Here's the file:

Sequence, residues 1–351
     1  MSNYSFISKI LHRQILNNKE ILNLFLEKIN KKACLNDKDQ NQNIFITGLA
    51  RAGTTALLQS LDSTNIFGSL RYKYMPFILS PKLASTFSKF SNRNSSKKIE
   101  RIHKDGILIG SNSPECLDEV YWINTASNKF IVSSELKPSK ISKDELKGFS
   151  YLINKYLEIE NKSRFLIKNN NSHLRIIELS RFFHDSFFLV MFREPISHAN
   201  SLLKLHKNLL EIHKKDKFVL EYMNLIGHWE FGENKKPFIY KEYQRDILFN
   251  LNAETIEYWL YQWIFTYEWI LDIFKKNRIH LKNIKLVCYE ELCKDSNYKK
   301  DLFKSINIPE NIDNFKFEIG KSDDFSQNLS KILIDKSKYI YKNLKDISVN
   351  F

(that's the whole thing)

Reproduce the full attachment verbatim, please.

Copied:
Sequence, residues 1–351
     1  MSNYSFISKI LHRQILNNKE ILNLFLEKIN KKACLNDKDQ NQNIFITGLA
    51  RAGTTALLQS LDSTNIFGSL RYKYMPFILS PKLASTFSKF SNRNSSKKIE
   101  RIHKDGILIG SNSPECLDEV YWINTASNKF IVSSELKPSK ISKDELKGFS
   151  YLINKYLEIE NKSRFLIKNN NSHLRIIELS RFFHDSFFLV MFREPISHAN
   201  SLLKLHKNLL EIHKKDKFVL EYMNLIGHWE FGENKKPFIY KEYQRDILFN
   251  LNAETIEYWL YQWIFTYEWI LDIFKKNRIH LKNIKLVCYE ELCKDSNYKK
   301  DLFKSINIPE NIDNFKFEIG KSDDFSQNLS KILIDKSKYI YKNLKDISVN
   351  F